I am Big Bell forever hanging high in the temple. I send forth my robust voice to awaken those indulgent ones. Let everyone for themselves and others establish the banner of Buddhism. May it flourish and fly freely in the sky.
In temples and monasteries, the big bell is struck to announce the time and gather the assembly. Except for the ceramic bells of earliest times, temple bells are cast from copper or iron and are shaped like an overturned cup. The surface of the bell is decorated simply, and the lip is even and round. The bell has a loop at the top so that it can be suspended from a bell tower.
Bells in China have long been used in ceremonies and musical performances, before being incorporated into Buddhism. Major Dharma services and offerings all use the bell to accompany chanting. The bell is rung to show the solemnity of the occasion to all attending, but is also used to show a warm welcome for visiting senior monastics or dignitaries.
The ringing of the bell is a reminder to practitioners that they must strike with diligent effort to beat away the afflictions that have accumulated since beginningless time. Those who strike the bell should also make a compassionate vow that the sound of the bell resonate all the way to heaven and can penetrate all the way to hell, so that all those beings who hear the bell can awaken to the wisdom of intrinsic nature and attain peace.
I am called Big Bell. From olden times until the present, I have been hanging high up in a corner of the Great Hall of this temple. Not long ago, there was a monastic standing beside me holding a copy of an American magazine with a picture of another bell on it. I was filled with joy to see this great, big bell, as there is only one of us in each temple, and sometimes I get quite lonely. When I saw the picture of that friend, I could hardly contain my happiness. I gave that bell such a warm smile. Oh, then I recognized it! It was the Liberty Bell of America!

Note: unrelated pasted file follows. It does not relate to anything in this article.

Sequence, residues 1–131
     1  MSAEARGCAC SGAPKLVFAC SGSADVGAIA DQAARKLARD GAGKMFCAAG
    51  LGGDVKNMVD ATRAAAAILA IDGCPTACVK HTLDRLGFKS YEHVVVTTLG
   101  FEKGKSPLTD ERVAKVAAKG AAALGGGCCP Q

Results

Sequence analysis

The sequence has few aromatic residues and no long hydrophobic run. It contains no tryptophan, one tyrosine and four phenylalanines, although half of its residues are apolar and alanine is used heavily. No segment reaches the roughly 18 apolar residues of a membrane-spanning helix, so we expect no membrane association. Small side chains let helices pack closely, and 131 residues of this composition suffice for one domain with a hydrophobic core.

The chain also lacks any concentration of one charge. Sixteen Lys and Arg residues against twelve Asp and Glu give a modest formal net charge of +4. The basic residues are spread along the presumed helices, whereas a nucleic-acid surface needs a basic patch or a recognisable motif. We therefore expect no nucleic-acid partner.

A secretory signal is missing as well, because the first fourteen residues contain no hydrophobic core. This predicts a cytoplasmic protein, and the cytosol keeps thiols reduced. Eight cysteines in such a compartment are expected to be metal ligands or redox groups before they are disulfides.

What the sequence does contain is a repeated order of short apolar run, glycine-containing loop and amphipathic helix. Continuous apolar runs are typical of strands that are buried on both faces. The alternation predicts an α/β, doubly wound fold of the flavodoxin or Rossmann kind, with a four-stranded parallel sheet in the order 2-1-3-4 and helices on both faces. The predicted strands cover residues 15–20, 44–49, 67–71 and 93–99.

The Liberty Bell, as you may recall, was the one whose brave voice chimed out at the first public reading of the American colonists’ Declaration of Independence. Later, in 1835, it was report-edly cracked when knelled at the funeral of John Marshall, the thirteenth chief justice of the United States Supreme Court. Today it still bears the honorable scars as a memento of those historic occasions, as it hangs near Independence Hall in Philadelphia for all to revere. As I think about some important events in my own past, I realize that we both are bells of freedom! I cannot help but think about my own life and swell with boundless emotion.
As the big bell here in this serene temple, I am different from all the other Dharma instruments. My large, heavy body may keep me stationary, but no obstacle is able to block my great voice. My ring carries through curtains, over rooftops and mountains, and resounds freely through the air. That is why people also call me a “symbol of freedom.”
I use my voice sparingly, though, never sounding without good cause. Usually singing out twice a day, I am up bright and early in the morning without delay to ring in a new dawn, and during the silence of the night, someone will come to strike me announcing the time for rest. When I toll at night with my voice resounding solemnly through the darkness, people say I am the “signal for slumber.” Numerous sentient beings take their repose when they hear my voice, and I awaken them when the sun is rising. I not only announce the beginning and ending of every day but also sound the alarm for everyone to gather for an important event or in the case of an emergency. My duty is a grand and glorious one!
There is one elder monastic who is my best friend. Whenever he comes to ring me, whether morning or night, he always accompanies me with the “Gatha of the Bell.” He sings one line of his gatha following each of my notes. His robust, yet plaintive voice joins with mine, arousing mindfulness in all who hear our heartfelt harmony and transporting listeners to a realm of peace. The elder monastic’s song goes like this:
When the mighty bell was first rung,
the gatha was sung.
It reached up to the skies and down to hell.
May wars cease, as soldiers and galloping war horses stop fighting.
May those who were defeated and killed be reborn in the Pure Land.
May all beings in the three realms be freed from the cycle of birth and death.
May all beings be liberated from the sea of suffering.